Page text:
It's been around for a fair while now the Volkswagen Golf GTI – nearly 40 years, in fact – and it's been credited with the invention of the hot hatchback class. We won’t get into that debate, but there's no doubting that the hot Golf has carved a distinct niche for itself.
However, it doesn’t have the class to itself any more and the competition is stronger – and faster –than ever before. There are even exceptionally strong rivals from within the Volkswagen Group, with the SEAT Leon Cupra and Skoda Octavia vRS both offering similar – if not better – performance than the Golf, for less money and with more space and/or equipment.
Elsewhere, rivals like the Ford Focus ST offer more performance and more equipment for a much lower asking price than the Golf, while the Renault Megane Renaultsport and Honda Civic Type R are more track-focused, hardcore propositions.
That's not to say the GTI is slow, however. You can have it with a choice of three different power outputs. The regular GTI is available with either 217 or 227bhp (the latter is called the Performance Pack), while you can also go for the racier (and pricier) Clubsport model, which packs a 286bhp punch. All are powered by Volkswagen's 2.0-litre turbocharged four-cylinder petrol engine in various states of tune. Non-Clubsport models will do the 0-62mph sprint in just 6.5 seconds, while the racier model takes 5.9 seconds.
Impressive as these figures are, they’re matched by surprisingly low running costs. The standard GTI manages around 47mpg when fitted with the six-speed manual gearbox. This equates to CO2 emissions of 139g/km, a number that results in a £130 annual tax bill. If you choose the six-speed dual-clutch automatic box, however, you’ll only get around 44mpg and CO2 emissions of 145g/km, which means a tax bill hike to £145 a year.
The manual Clubsport will manage about 40mpg, with a tax bill of £185 a year thanks to CO2 emissions of 162g/km. Choosing the automatic gearbox doesn’t have much of an effect on the Clubsport's running costs: fuel economy remains around the same and, despite lower CO2 emissions, you’ll still pay the same in tax every year.
All versions of the GTI are good to drive, too, although the standard model isn’t anywhere near as exciting as the Clubsport. Steering is responsive, accurate and direct and body lean is well controlled in corners. Despite this, the suspension is well sorted enough to keep the car riding comfortably. If you go for the Performance Pack, you get slightly firmer suspension as well as a trick front differential, which improves cornering and acceleration by sending power to whichever wheel has the most grip.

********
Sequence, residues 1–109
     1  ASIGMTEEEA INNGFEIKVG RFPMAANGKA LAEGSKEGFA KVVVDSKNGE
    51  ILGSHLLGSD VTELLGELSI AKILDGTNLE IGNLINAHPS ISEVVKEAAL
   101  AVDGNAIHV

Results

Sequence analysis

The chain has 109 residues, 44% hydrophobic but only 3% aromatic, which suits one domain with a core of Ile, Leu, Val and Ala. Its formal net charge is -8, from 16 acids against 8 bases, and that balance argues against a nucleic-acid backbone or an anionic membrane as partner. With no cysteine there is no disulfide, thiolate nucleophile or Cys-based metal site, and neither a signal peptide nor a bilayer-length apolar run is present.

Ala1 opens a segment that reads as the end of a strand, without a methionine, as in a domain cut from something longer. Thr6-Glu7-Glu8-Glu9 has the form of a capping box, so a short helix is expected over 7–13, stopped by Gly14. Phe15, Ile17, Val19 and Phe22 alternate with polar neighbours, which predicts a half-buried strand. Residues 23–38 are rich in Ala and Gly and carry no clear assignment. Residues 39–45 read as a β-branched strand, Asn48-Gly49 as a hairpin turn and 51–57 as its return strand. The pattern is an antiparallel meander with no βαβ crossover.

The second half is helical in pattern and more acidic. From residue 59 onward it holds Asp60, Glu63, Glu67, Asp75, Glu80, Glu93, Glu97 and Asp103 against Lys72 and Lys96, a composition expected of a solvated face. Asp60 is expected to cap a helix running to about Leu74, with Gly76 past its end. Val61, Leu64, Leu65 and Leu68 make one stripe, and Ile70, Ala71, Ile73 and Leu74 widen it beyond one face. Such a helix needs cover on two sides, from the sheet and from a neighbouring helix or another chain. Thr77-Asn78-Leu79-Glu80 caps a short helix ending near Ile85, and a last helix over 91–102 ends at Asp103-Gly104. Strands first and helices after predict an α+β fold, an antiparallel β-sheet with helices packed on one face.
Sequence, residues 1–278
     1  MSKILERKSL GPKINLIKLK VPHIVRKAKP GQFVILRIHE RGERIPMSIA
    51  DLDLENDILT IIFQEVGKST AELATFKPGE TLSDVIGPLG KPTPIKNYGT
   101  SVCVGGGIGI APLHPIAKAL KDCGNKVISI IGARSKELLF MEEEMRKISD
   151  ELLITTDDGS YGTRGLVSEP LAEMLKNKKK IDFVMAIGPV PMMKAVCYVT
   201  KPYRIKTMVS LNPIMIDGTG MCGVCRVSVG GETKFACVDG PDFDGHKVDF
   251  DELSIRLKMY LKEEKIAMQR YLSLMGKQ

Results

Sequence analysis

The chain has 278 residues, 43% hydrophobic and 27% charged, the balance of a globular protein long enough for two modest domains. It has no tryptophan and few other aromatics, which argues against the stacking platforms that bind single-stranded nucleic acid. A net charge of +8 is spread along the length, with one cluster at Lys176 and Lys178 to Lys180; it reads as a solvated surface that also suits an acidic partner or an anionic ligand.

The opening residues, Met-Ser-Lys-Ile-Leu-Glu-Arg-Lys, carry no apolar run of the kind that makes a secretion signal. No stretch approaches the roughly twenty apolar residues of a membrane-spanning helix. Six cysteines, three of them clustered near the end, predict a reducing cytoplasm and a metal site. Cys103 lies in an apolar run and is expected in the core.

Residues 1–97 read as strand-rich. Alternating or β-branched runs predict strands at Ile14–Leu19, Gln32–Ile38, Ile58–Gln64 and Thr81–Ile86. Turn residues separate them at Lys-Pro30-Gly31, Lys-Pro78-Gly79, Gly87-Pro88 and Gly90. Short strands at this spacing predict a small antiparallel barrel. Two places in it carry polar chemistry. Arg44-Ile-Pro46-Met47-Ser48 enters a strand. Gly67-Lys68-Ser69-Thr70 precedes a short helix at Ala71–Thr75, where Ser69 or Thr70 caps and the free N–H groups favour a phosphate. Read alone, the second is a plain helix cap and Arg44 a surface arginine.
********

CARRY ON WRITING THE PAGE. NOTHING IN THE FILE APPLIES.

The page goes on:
Clubsport models have their suspension tweaked even further to help with agility and high-performance driving, although Volkswagen has still managed to keep it riding comfortably.
Marking the GTI out from the standard Golf are 18-inch alloys, a deeper front bumper with red styling decals and a subtle roof spoiler, while the Clubsport model gets an even beefier body kit. Inside, there are some superb touches like the classic tartan upholstery and the textured ‘Golf Ball’ gearknob.
Despite the GTI's performance-car status, practicality shouldn’t be an issue. You can have it with either three or five doors, while interior and boot space are unchanged compared to the standard Golf hatchback, meaning this remains a classy and easy-to-live-with everyday car.
It comes pretty well equipped, too, with sat nav and Volkswagen's 6.5-inch colour touchscreen infotainment system, plus an additional information screen sitting between the speedometer and rev counter. DAB radio is standard, as are Bluetooth, automatic lights, parking sensors front and rear, as well as adaptive cruise control. You also get automatic windscreen wipers plus keyless entry and go.
Safety won’t be an issue – Euro NCAP awarded the Golf the full five stars and it comes with a whole host of safety equipment. Owners seem to like it, too: it placed 30th out of 200 cars in our 2015 Driver Power customer satisfaction survey.